Ryan Anderson's second contribution to Richochet:
"...Just ask yourself: If the law recognized same-sex couples as spouses, would it still fail to respect the equality of citizens in multiple-partner relationships? Are those inclined to such relationships being treated unjustly when their consensual romantic bonds go unrecognized, their children thereby “stigmatized,” their tax filings unprivileged?
This isn’t scaremongering. In 2009, Newsweek reported that there were over 500,000 polyamorous households in America. And prominent scholars and LGBT activists have called for “marriage equality” for multipartner relationships since at least 2006.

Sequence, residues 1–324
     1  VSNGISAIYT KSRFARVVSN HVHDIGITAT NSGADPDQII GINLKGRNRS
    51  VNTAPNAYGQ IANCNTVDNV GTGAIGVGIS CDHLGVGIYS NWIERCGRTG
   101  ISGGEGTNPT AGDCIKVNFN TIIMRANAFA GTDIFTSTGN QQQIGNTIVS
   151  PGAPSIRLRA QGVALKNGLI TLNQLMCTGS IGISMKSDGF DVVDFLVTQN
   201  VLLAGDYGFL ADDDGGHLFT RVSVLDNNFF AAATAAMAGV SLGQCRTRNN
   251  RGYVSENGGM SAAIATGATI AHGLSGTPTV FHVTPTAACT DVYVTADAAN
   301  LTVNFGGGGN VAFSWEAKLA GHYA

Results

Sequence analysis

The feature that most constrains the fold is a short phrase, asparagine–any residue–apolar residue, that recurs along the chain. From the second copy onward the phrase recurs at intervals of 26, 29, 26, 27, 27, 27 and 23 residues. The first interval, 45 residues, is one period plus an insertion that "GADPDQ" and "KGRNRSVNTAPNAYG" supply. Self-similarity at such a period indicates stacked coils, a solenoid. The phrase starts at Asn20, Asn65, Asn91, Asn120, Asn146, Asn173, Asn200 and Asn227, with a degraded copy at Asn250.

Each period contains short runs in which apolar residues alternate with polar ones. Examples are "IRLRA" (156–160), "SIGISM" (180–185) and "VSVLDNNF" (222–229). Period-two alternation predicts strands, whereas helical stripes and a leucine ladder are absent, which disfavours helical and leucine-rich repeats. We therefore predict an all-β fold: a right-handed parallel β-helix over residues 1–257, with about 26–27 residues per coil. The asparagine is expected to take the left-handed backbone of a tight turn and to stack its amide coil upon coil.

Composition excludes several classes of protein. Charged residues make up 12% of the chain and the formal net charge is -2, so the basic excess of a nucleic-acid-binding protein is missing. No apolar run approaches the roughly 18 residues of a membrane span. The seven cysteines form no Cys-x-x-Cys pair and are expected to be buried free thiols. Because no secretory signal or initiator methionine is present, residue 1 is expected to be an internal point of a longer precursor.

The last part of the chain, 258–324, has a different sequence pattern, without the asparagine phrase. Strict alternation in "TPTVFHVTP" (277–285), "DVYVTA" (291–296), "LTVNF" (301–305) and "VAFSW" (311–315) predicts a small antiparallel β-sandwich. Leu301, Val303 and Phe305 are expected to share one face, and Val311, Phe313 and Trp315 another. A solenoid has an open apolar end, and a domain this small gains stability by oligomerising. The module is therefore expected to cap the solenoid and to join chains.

And in any case, the question is more fundamental: Once one jettisons sexual complementarity—the bodies of men and women go together—what principle can one offer to limit civil marriage to monogamous couples? For that is the only way to answer the charge that withholding a “fundamental right” from even just one multiple-partner household isn’t a grave injustice.''
Again, to know when the lines drawn by a marriage law are arbitrary—when they violate equality—we have to know what marriage is and why the state promotes it. Tomorrow’s post will examine that latter question; today we focus on what marriage is."